Anthropologist Crickette Sanz has made an international reputation studying primate societies, relying on her own social networks to help her achieve work/life balance

Every day, anthropologist Crickette Sanz gets a text message or two from a 100-square mile forest preserve National Geographic once called, “The Last Place on Earth.”

The daily contact with the Goualougo Triangle Ape Project, located in a remote preserve in the Republic of Congo in Central Africa, helps Sanz and her team keep track of chimpanzees and western lowland gorillas, who live and interact virtually uninhibited halfway around the world from the Danforth Campus.

“There’s usually a point of contact every morning, about 1:30 or 2:30 a.m.,” says Sanz, professor of biological anthropology in Arts & Sciences at Washington University in St. Louis, and co-principal investigator of the project along with her husband, David Morgan. “Typically, we get messages from the field teams to let us know how things are going.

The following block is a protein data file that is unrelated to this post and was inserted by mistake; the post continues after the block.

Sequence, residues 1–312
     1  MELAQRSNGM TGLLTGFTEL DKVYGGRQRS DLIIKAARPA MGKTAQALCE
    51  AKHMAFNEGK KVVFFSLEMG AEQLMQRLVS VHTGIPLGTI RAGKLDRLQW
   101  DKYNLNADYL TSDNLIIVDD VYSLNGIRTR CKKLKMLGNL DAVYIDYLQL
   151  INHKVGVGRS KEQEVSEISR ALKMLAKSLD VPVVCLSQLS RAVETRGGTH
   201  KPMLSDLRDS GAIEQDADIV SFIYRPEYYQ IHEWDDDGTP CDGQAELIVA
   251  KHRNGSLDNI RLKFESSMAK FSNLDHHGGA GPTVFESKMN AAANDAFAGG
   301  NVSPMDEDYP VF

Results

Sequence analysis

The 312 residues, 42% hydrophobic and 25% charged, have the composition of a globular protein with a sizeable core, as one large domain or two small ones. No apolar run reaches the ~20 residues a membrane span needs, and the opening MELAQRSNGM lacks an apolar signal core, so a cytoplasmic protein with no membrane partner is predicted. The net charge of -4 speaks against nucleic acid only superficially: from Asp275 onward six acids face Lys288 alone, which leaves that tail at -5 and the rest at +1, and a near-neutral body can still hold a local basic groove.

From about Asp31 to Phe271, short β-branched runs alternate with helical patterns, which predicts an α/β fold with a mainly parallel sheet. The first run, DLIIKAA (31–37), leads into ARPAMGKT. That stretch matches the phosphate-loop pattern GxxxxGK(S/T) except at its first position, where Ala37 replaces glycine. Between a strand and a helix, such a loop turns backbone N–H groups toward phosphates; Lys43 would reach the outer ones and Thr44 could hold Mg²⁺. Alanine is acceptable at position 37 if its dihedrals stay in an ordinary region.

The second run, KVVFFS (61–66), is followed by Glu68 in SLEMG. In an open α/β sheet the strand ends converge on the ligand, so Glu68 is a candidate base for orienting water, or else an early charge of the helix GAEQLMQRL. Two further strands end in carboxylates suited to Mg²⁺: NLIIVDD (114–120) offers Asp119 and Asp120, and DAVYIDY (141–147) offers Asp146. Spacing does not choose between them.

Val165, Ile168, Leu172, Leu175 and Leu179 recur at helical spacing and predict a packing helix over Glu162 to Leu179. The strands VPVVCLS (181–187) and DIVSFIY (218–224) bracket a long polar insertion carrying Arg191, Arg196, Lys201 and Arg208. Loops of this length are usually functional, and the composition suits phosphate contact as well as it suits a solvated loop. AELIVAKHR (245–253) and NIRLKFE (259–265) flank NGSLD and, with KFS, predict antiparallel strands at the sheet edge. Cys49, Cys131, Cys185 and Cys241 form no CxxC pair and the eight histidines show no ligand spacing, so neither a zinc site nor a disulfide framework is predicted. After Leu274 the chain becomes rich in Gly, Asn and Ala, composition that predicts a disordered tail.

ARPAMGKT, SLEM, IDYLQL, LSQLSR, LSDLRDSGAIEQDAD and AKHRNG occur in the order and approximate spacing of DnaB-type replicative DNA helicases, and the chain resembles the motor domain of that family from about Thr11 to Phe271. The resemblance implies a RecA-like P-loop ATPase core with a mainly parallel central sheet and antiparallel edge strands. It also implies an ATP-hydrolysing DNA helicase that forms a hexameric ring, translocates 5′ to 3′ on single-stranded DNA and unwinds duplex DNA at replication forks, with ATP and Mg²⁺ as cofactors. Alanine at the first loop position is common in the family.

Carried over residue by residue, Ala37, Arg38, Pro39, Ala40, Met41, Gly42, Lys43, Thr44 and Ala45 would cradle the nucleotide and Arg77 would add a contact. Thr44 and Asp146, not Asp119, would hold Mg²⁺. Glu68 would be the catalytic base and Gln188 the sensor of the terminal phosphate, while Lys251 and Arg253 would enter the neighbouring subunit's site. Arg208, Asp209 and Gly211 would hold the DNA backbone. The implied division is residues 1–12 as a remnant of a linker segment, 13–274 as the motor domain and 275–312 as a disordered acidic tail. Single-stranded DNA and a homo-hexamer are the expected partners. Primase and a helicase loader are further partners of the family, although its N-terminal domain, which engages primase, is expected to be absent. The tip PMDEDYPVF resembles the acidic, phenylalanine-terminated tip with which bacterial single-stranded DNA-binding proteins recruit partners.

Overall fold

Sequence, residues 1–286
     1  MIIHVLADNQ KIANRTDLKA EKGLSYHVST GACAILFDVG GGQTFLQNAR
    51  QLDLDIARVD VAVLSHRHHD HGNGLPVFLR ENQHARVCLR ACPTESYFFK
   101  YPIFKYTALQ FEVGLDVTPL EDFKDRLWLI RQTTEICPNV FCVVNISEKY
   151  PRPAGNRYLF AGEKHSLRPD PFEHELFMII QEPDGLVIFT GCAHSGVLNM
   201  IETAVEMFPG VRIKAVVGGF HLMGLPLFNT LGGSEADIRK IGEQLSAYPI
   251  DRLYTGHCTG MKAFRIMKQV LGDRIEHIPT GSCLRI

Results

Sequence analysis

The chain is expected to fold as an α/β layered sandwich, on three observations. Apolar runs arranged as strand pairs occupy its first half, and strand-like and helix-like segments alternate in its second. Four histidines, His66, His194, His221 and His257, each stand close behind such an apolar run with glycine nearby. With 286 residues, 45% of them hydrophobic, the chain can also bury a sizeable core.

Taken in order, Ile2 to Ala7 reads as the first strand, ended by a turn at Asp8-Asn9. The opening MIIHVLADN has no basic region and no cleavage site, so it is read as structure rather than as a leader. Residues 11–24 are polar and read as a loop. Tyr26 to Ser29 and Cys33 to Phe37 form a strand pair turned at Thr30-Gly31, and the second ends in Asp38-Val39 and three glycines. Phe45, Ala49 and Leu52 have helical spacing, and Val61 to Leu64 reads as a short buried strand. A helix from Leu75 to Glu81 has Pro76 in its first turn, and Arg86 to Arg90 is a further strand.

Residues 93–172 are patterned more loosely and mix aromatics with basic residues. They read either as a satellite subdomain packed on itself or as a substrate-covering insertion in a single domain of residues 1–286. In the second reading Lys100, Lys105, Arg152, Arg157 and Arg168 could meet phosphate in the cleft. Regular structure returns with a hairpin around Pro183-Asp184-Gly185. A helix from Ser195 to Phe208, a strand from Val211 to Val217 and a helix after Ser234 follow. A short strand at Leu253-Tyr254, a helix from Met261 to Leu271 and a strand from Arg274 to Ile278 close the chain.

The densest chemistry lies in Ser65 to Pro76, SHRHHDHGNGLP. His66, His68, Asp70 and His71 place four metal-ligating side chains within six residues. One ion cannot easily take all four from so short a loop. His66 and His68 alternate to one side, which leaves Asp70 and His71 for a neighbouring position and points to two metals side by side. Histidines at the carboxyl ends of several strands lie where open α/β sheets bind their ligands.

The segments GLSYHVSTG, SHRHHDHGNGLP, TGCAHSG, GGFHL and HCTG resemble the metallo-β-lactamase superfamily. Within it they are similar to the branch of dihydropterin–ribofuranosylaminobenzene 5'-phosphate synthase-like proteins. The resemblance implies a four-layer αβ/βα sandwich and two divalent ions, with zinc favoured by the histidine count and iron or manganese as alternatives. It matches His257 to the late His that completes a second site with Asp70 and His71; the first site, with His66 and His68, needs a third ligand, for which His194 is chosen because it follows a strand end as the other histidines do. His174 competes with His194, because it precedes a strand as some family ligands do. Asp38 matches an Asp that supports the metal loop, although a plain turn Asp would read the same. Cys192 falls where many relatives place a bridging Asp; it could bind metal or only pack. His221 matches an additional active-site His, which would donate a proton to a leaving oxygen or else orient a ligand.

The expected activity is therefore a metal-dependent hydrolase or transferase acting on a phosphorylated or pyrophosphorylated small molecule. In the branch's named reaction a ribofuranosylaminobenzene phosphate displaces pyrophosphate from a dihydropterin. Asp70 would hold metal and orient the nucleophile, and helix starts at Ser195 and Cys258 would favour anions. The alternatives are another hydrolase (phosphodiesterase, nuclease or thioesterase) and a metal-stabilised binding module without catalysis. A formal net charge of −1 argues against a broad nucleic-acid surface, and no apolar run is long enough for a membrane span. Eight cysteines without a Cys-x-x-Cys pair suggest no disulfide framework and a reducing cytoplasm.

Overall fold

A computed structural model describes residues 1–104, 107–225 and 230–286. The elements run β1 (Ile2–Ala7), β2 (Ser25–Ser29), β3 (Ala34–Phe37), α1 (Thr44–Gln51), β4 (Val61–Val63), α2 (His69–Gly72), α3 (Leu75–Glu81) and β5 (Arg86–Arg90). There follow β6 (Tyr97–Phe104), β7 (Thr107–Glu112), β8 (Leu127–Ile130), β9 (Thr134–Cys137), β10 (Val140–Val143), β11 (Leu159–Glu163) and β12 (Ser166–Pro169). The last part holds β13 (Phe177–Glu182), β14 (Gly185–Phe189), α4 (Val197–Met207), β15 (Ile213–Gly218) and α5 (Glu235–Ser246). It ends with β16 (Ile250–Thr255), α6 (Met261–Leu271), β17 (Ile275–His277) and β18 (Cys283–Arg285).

“Just the other day, the research assistants recorded this phenomenal observation of gorillas approaching a tree and wanting to play with the chimpanzees, and a chimpanzee kind of made a swipe at the gorilla,” she says. “The team sends these types of updates all the time, because they know we really want to hear these things.”

Just another start to the day for an anthropologist, one who recently received one of the highest honors an academic researcher can get, fellowship in the American Association for the Advancement of Science (AAAS), the world’s largest general scientific society. But in addition to monitoring field progress halfway around the world, she’s balancing academic teaching and research with carpools, school lunches and snow days as a wife and mom to two boys, Skye, age 8, and Myles, 4.